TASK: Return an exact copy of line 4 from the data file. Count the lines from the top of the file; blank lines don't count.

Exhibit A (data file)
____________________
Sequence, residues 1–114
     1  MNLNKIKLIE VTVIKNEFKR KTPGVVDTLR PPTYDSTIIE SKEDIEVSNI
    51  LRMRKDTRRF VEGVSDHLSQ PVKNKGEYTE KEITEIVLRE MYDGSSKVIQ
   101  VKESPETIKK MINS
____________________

   101  VKESPETIKK MINS